I realize that black and white morality and naive politics are prevalent in much fantasy fiction, but just because something happens a lot doesn’t mean I have to like it. During the viewing my mind kept wandering as I added to my mental list of criticisms. I won’t be watching any more episodes.
Anyway, there you have it. One hit and one miss from the current anime season.
Junot Díaz on the relationship between minorities and science fiction:
Look. Without our stories, without the true nature and reality of who we are as people of color, nothing about fanboy and fangirl culture makes sense. What I mean by that is, if it wasn’t for race, X-Men doesn’t make sense; if it wasn’t for the history of breeding human beings through chattel slavery, Dune doesn’t make sense; if it wasn’t for the history of colonialism and imperialism, Star Wars doesn’t make sense; if it wasn’t for the extermination of so many indigenous nations, most of what we call “first contact” stories don’t make sense. Without us as the secret sauce, none of this works, and it is about time that we understand that we are the Force that holds the Star Wars universe together. We’re the Prime Directive that makes Star Trek possible. We are… in the Green Lantern Corps? We are the Oath. We are all of those things. Erased, and yet without us? We’re essential.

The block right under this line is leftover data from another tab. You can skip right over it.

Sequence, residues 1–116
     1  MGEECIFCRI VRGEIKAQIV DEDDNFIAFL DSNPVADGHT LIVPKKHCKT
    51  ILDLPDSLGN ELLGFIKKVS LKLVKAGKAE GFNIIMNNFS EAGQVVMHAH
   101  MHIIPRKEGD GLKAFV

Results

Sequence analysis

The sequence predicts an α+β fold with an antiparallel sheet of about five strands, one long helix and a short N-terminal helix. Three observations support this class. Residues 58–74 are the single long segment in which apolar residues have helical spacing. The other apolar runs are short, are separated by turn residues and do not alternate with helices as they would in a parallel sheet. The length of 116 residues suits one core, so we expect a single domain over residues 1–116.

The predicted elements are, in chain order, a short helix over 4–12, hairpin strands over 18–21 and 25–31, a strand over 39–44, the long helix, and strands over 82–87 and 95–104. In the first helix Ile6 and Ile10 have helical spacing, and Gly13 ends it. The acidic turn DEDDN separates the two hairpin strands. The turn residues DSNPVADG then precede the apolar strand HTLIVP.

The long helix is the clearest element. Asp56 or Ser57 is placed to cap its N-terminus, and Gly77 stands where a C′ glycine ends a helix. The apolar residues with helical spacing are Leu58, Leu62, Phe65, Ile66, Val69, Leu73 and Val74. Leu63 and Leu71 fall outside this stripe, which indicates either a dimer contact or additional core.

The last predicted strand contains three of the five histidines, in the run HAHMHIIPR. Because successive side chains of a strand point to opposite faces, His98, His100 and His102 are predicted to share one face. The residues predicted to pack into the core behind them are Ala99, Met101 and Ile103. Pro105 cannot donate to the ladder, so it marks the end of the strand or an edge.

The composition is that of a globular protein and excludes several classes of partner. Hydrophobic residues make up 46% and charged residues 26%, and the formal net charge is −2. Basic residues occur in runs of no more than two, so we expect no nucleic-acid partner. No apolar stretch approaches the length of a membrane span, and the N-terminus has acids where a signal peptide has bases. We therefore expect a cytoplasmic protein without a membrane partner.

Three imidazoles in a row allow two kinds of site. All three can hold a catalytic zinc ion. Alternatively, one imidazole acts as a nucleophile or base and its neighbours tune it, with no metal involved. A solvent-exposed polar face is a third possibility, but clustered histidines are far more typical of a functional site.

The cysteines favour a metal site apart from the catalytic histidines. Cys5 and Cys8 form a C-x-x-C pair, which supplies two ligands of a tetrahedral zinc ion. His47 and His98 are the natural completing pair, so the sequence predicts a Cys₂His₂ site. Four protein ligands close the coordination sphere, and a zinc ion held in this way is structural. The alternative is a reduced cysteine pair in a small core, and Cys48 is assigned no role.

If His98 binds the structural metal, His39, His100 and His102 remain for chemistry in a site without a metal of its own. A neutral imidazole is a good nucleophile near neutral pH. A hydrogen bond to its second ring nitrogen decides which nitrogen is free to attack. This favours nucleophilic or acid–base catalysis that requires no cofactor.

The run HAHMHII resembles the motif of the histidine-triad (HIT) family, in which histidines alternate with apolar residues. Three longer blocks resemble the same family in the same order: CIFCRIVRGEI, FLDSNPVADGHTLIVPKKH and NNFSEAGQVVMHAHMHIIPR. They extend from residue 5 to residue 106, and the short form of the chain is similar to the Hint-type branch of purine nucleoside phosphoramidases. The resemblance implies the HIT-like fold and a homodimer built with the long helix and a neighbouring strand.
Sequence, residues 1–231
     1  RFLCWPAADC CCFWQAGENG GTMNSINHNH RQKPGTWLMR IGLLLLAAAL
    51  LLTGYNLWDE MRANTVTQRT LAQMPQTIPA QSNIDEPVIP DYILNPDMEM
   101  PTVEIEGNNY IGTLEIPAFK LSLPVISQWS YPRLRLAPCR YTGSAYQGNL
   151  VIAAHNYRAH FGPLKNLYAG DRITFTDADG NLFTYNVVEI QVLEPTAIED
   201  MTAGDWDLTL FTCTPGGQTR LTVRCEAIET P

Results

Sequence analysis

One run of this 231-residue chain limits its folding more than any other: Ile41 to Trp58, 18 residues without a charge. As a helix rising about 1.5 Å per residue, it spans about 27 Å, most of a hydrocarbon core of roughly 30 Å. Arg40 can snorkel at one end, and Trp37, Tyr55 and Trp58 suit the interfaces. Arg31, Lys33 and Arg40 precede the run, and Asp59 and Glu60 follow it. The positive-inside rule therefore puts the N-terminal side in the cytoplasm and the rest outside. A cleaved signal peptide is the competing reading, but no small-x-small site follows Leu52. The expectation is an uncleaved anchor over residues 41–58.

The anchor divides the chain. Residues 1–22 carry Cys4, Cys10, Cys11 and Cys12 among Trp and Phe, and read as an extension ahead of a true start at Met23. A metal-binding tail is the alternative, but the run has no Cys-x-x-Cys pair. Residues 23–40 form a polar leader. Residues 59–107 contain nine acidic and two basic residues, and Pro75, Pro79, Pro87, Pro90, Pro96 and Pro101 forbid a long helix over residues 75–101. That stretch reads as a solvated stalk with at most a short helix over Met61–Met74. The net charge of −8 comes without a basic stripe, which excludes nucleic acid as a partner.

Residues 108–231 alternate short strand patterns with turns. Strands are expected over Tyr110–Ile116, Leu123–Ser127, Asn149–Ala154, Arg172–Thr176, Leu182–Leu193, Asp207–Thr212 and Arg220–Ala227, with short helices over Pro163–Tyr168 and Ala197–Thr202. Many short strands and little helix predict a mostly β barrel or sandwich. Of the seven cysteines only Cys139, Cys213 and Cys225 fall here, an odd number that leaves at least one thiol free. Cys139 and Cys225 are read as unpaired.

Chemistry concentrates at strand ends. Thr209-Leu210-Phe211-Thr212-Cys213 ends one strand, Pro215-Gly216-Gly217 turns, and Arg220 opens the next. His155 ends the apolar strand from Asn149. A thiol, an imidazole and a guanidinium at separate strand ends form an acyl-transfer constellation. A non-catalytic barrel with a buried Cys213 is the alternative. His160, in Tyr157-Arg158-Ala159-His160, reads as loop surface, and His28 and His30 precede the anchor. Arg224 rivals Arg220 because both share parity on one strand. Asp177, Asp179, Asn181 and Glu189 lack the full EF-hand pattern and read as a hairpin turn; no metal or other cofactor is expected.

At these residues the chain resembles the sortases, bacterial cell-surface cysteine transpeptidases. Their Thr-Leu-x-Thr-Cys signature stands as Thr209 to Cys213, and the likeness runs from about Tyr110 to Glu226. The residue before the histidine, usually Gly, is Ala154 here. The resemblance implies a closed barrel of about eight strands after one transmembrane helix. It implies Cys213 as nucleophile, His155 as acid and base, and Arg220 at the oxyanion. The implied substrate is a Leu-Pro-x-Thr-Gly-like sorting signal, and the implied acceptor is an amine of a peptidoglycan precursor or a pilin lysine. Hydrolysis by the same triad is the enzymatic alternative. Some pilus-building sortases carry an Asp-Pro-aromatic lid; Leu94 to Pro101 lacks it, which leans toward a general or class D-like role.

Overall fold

That’s some good stuff. Maybe I should finally finish The Brief Wondrous Life of Oscar Wao.
I recently watched the first episode of the anime Actually, I Am, which revolves around a love confession. It wasn’t my thing, but while watching I had to ask: do Japanese kids actually do this kind of thing?
See, the classic love confession from anime and manga goes like this: a school-aged character approaches in private their secret crush (normally a classmate and one who they may not have even spoken with before) and tells them, “I like you, please go out with me”.
I’d never really thought about it, as this cliche is very common in anime and manga, but I realize now that this is a pretty damn awkward situation to be in. When approached by a near-total stranger – who you may only have spoken a few words in passing to before – and asked for a date out of the blue, the normal reaction is to tell them no. With this in mind, isn’t the classic love confession approach basically a recipe for rejection?
Considering it further, the love confession strategy seems like something a socially awkward person would do. They know they want to go out with someone but they don’t really know how to approach them so they go all in. They skip the getting-to-know-you part and go straight for the asking out part.
Really, a more reasonable approach, and one more conducive to success, would probably be for the besotted party to befriend and hang out with the object of their romantic interest first without immediately going for the metaphorical jugular.
It’s such an obvious stratagem that I have to wonder whether Japanese kids actually do the love confession thing at all. Is this basically just a cliche that mostly exists in the minds of anime and manga writers? One wonders.